According to non-official statistics, there are about 800,000 mainland Chinese people in South Korea. Most of them only hold residence rights and need to keep their criminal records clean to obtain an annual extension of their right of residence. Therefore, although the South Korean branch of the Democracy of China has many members, they aren’t communicated publicly. For the above reasons, democracy activism in South Korea faces restrictions. The June-4 shortwave broadcasts are a courageous breakthrough in a restrictive environment.

据非正式统计,韩国境内约有万来自大陆的中国人。他们大部分只拥有居住权,需要维持无犯罪记录,才能获得每年的居住权延期。所以,中国民主党韩国党部虽然有众多党员,但是不对外公开其人数。由于以上的种种理由,韩国的民运活动受到限制。上述的六四短波广播是在受限的范围内的一次勇敢的突破。

Special correspondent: Liu Shui. Editor: Kou Tianli. Online edition: Guo Du.

特约记者:刘水 责编:寇天力 网编:郭度

Monday, March 27, 2017

Populism in China (1): The Downfall of Bo Xilai

There is no Weltinnenpolitik yet, but there are cross-civilizational trends.

The City of Red Songs

There would be no second chance. Gerhard Schröder, former chancellor of Germany, was in a hurry in June 2011, on the sidelines of a forum in southwestern China’s metropolis of Chongqing. He was therefore lacking the time to attend one of the red-song nights that were customary there. But he still pleased his interlocutors with a German proverb: Where people sing, you can settle down – wicked people sing no songs.

In full, the red-songs custom advocated by Chongqing’s party chief Bo Xilai was Singing revolutionary songs, Reading classic books, telling stories and spreading mottos. There would be nine more months of that before Bo Xilai was toppled by his CCP comrades.

A Hudong article explained the activity at the time. It was a mass concept, started in Chongqing in 2008, which was greeted with enthusiasm there, and elsewhere in China. The concept wasn’t outdated, because

if a country and a nation have no correct thought and advanced culture, it will lose its backbone. The current deep changes of the economic system, the structure of society, and the profound adjustment of interest patterns must be reflected in the ideological field. There is diversity in peoples’ minds, and although the mainstream is positive and healthy, while some peoples’ material life conditions have improved, spiritual life is somewhat empty. To change that condition, and to ensure a safe passing of the torch in the cause of the party and the country, the red flag must be righteously upheld, the ideology of Marxism must be consolidated in its guiding position within the ideological field, and the attractiveness and the cohesive power of socialist ideology must be strengthened.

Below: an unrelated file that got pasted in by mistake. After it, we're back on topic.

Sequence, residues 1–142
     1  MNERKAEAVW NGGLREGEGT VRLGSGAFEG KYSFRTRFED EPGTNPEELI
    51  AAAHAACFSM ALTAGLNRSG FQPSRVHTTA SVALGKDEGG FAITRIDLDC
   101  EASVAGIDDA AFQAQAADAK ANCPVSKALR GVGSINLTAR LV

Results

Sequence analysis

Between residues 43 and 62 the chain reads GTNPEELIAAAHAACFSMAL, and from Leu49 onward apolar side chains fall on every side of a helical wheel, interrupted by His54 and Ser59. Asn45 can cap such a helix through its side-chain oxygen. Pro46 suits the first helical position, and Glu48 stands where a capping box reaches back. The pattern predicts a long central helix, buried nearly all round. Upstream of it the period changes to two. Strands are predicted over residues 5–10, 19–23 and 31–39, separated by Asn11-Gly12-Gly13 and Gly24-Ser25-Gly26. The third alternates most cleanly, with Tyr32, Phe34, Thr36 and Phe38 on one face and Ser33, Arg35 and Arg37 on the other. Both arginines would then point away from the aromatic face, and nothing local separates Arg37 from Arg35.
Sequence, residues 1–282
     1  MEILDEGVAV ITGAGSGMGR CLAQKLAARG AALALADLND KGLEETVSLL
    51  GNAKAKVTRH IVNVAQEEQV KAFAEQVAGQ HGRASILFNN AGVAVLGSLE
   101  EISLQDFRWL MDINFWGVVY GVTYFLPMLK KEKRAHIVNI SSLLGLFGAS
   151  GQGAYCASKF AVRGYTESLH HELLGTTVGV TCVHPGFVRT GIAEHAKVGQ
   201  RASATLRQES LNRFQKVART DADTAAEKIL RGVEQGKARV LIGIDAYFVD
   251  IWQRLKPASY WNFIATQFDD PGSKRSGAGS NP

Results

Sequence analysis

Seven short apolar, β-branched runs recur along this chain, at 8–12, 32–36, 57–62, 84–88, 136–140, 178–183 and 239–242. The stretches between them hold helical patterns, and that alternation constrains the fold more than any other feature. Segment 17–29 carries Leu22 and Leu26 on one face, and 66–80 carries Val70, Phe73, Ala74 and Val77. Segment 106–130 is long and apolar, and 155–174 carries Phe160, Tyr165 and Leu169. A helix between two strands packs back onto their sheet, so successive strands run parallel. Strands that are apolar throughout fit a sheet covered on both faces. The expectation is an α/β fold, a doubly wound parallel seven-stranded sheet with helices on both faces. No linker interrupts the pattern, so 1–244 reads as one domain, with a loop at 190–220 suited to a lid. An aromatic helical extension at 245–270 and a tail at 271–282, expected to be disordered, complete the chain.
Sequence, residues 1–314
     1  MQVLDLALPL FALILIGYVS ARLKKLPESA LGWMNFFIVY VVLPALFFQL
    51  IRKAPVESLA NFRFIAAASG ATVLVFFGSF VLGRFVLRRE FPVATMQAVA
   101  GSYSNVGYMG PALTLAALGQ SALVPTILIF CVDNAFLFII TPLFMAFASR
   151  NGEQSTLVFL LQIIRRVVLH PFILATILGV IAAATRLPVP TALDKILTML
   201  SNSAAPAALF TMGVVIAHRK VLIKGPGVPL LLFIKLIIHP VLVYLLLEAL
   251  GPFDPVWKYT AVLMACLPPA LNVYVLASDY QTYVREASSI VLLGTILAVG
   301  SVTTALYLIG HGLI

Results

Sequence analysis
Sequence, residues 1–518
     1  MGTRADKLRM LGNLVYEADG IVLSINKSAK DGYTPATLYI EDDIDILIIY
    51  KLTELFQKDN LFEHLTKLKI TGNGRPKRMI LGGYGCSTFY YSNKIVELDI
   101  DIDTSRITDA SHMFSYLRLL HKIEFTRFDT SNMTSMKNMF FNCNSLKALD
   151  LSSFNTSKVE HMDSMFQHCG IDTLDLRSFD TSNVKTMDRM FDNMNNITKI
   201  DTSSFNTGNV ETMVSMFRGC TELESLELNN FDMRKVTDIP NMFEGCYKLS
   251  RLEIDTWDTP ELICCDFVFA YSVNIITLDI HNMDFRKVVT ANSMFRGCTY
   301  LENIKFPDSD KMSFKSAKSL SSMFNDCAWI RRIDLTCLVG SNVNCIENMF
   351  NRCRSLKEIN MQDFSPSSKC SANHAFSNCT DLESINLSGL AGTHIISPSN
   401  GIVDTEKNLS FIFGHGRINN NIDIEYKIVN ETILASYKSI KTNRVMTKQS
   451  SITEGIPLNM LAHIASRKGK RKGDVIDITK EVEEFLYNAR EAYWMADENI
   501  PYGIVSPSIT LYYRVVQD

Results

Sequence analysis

一个国家和民族没有正确的思想、先进的文化,就会失掉主心骨。当前,经济体制深刻变革、社会结构深刻变动、利益格局深刻调整,必然反映到意识形态领域。人们的思想日趋多元多变多样,虽然主流积极健康向上,但一些人物质生活改善了,精神生活却有些空虚。为了彻底改变这种状况,保证党和国家的事业薪火相传,必须理直气壮地举红旗,不断巩固马克思主义在意识形态领域的指导地位,增强社会主义意识形态的吸引力和凝聚力。[Links within these lines omitted.]

According to the HuDong article, CCP politbureau member and Chongqing party secretary Bo Xilai (薄熙来) had deplored the phenomenon of young people who sang decadent songs (唱 .. 靡靡之音, chàng mímí zhī yīn), who were reading “fast-food” kinds of literature (读 .. 快餐文化, dú kuàicān wénhuà), told “low and vulgar stories” (讲 .. 低俗故事, jiǎng dīsú gùshì), and “spread pornographic or dull scripts/pieces” (传 .. 黄段子、灰段子, chuán huáng duànzi, huī duànzi).

So, apparently, there were dirty songs, too. Maybe things weren’t as simple as Schröder had believed. At least one  reader and forum commenter of China’s Huanqiu Shibao didn’t trust Schröder’s expertise and wrote:

OK, listen [to the red songs], you won’t comprehend them anyway. It will be as if you were listening to folk songs.

听吧,反正听不懂,就当听民歌了

The “Chongqing Model” was controversial, at least in the perceivable medial public of China. The party elite wasn’t entirely in love with Bo’s pretentious neo-Maoism. A vice president of Law School at China University of Political Science and Law was quoted by the English-language party mouthpiece “Global Times”: